Posts Tagged ‘word marks’

When A Mark Consists of Both Words and Designs

Sunday, June 27th, 2021

When an Examining Attorney is examining a mark for registration, he must determine whether likelihood of confusion may exist between it, and an already-registered mark. Under §2(d), when analyzing marks for determining likelihood of confusion, that marks must be compared in their entireties as to appearance, sound, connotation and commercial impression. Further, during the analysis, the marks must be considered in their entirety and not examined piecemeal. “The commercial impression of a trademark is derived from it as a whole, not from its elements separated and considered in detail.” Juice Generation, Inc. v. GS Enters. LLC, 794 F.3d 1334, 1340 (Fed. Cir. 2015). However, if one feature of the mark is more prominent, it will be given greater significance for the purpose of finding likelihood of confusion between the marks at issue. See, e.g.In re Viterra Inc., 671 F.3d 1358, 1362, 101 USPQ2d 1905, 1908 (Fed. Cir. 2012).

Often, when a mark consists of both words and a design, more significance is given to the words because that is the aspect of the mark that purchasers are likely to remember, refer to or use when requesting goods or services. See In re Viterra, 671 F3d 1358, 101 USPQ2d 1905, 1911 (Fed. Cir. 2012). Though the wording is commonly the dominant portion of a mark, there are certain instances where the design aspect of a mark is the more prominent portion, and it should be given greater significance. See Jack Wolfskin Ausrustung, 797 F.3d at 1372, 116 USPQ2d at 1135. This may be the case if the if the mark contains “unusual or uncommon design features,” or if the design element is the “most visually prominent” aspect. See In Re Primeway Intl. LLC, 87059786, 2019 WL 646088 (2019). In Primeway, the Trademark Trial and Appeal Board examined whether the Applicant’s mark, INCOGNITO, and Registrant’s STS “INCOGNITO” and design mark were confusingly similar. The Applicant’s mark was comprised of a wolf in sheep’s clothing with an arm extended out against the large letters “STS.” The word “incognito” appeared under the design in small letters, and so, the Board held that the most prominent feature of the mark was the design and the letters “STS,” not the shared term “incognito.” It then reversed the refusal to register under 2(d).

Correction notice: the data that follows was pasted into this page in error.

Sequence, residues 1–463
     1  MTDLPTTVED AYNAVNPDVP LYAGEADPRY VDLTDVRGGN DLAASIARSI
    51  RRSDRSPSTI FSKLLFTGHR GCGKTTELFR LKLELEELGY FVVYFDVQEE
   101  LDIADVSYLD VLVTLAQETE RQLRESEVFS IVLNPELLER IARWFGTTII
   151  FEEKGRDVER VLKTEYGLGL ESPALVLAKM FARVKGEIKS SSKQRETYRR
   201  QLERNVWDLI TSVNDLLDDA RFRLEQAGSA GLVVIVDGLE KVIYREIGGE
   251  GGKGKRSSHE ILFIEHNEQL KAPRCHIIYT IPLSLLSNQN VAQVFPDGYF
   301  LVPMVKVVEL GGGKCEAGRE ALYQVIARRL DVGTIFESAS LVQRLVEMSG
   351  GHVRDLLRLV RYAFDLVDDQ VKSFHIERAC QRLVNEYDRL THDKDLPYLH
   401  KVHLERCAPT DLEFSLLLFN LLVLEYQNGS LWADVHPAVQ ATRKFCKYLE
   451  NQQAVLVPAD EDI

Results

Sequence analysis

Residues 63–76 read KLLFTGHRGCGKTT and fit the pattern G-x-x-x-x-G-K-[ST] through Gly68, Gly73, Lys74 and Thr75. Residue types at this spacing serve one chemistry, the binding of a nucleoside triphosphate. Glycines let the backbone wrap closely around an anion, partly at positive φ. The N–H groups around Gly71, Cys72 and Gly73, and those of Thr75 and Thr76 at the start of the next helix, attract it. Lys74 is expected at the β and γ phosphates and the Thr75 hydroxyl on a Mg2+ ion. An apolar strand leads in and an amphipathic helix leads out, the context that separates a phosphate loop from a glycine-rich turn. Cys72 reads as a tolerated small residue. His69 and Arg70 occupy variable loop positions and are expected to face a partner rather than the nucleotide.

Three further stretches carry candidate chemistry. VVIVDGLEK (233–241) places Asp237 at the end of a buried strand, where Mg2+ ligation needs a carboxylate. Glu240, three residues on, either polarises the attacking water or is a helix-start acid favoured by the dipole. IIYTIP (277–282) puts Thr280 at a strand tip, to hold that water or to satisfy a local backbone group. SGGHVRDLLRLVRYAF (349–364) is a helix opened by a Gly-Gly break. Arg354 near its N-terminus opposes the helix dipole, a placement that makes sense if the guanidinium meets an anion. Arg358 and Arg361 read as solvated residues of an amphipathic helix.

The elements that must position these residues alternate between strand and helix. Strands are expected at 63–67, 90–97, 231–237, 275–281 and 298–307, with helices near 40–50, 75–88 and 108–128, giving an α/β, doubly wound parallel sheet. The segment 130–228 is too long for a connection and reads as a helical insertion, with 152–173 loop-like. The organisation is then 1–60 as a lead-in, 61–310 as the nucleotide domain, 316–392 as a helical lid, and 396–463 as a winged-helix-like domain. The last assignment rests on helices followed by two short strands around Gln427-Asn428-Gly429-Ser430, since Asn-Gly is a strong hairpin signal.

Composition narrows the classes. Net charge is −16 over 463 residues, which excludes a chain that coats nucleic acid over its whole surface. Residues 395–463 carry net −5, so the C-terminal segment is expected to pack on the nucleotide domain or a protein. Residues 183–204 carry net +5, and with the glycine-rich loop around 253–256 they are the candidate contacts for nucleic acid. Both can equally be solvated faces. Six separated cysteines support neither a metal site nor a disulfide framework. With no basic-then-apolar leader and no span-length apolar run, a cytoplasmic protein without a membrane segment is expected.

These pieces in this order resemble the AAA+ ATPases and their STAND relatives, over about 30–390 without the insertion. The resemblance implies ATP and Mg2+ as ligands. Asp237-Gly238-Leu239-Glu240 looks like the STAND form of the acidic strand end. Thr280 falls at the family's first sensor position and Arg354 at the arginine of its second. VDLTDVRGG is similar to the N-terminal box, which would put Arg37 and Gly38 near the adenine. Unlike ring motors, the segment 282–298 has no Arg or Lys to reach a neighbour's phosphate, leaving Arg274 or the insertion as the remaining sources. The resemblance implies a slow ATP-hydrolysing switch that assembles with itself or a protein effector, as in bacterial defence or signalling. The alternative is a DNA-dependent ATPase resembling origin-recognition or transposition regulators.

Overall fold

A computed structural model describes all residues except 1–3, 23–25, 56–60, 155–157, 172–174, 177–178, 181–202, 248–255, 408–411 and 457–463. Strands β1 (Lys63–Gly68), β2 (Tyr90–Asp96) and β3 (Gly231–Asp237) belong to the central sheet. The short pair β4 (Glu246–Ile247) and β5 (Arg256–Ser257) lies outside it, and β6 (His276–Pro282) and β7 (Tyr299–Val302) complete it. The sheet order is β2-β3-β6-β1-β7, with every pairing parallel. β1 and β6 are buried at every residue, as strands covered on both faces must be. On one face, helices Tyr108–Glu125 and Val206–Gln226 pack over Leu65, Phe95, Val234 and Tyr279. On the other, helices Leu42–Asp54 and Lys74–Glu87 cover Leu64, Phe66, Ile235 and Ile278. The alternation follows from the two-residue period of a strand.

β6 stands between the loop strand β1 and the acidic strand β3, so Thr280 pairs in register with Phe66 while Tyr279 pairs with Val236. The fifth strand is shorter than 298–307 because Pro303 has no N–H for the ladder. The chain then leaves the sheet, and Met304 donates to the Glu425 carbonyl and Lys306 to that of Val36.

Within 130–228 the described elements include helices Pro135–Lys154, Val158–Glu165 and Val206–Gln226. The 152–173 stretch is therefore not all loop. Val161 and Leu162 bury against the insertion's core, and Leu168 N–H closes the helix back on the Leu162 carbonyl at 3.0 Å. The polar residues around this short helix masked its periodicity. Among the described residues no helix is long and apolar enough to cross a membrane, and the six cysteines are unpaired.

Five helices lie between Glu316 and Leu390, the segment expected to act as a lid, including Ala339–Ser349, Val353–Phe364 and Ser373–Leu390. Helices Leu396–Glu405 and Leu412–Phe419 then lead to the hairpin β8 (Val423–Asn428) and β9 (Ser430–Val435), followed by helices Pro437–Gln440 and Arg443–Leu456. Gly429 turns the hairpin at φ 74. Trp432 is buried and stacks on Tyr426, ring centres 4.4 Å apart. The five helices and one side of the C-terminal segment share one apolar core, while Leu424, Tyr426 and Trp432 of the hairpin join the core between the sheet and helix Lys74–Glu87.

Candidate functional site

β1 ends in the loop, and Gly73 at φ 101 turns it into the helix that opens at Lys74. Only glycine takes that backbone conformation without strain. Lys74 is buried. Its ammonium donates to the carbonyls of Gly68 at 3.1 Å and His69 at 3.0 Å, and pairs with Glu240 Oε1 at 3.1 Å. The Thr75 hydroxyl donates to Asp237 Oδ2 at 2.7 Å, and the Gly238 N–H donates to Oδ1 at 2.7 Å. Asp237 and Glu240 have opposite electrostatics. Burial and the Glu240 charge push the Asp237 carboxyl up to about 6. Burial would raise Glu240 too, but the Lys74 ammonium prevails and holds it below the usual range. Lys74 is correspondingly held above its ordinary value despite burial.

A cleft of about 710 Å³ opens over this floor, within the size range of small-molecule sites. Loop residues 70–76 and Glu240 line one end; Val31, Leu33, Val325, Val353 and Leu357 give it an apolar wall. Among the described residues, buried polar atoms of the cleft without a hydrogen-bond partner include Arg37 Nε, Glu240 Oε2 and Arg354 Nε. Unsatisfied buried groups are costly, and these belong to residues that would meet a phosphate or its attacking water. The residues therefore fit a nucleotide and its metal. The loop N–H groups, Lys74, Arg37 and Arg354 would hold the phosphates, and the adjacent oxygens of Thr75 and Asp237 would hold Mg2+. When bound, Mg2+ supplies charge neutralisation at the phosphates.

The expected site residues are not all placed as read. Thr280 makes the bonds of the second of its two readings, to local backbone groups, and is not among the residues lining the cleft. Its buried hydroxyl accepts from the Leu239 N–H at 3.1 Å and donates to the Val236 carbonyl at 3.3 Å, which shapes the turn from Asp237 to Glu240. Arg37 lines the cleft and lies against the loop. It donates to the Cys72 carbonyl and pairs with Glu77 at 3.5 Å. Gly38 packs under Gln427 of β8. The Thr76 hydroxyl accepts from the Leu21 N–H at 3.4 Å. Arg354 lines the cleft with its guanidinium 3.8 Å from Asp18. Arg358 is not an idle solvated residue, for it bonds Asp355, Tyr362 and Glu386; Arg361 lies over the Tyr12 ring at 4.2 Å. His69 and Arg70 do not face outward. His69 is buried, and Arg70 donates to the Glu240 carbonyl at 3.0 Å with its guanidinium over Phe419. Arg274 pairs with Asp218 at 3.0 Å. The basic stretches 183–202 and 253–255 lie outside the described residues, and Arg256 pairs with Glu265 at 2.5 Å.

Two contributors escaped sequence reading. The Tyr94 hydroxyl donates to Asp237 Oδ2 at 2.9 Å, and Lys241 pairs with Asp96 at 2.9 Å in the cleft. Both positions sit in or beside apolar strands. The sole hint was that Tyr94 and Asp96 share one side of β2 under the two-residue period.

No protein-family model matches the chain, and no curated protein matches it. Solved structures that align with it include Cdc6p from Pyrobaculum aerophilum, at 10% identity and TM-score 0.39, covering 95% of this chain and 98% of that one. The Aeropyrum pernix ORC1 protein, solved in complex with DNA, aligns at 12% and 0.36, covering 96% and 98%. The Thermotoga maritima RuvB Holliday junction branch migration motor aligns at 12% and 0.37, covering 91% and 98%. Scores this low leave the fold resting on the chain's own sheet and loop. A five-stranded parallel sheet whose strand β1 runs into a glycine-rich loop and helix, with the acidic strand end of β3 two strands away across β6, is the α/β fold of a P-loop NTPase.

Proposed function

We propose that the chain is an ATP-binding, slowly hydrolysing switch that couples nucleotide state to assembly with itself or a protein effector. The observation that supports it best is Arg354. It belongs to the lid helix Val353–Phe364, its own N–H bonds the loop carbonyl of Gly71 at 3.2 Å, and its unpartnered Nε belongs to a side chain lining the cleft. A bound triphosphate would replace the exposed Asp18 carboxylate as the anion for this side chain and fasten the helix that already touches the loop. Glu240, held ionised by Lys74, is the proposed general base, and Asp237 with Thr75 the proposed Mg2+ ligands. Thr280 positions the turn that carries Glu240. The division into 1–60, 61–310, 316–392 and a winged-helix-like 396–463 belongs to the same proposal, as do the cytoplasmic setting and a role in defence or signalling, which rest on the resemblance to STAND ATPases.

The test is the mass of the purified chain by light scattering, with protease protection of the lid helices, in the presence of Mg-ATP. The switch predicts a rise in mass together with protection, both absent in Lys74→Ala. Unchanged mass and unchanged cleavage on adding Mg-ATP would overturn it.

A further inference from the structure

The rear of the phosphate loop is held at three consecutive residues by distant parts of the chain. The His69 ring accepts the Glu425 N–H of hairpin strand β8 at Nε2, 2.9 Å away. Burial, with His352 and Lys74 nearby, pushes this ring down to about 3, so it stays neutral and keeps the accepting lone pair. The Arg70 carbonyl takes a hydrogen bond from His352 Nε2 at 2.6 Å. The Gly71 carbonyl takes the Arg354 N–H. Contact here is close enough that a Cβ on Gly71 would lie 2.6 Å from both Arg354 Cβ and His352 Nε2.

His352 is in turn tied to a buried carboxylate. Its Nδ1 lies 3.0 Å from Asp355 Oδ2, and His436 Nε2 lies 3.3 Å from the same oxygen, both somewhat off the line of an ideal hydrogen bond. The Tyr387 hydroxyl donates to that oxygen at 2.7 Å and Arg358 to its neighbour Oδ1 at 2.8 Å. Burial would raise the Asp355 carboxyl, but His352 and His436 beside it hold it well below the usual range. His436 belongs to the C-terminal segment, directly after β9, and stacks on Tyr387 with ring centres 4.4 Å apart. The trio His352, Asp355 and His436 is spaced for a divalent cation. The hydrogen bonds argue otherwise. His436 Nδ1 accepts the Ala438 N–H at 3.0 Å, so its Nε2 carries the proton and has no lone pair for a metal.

In other words, the word portion of a mark is typically given greater significance because it is the portion that stands out for consumers, yet the design portion may be more dominant if it is the portion that is more likely to stand out to consumers.


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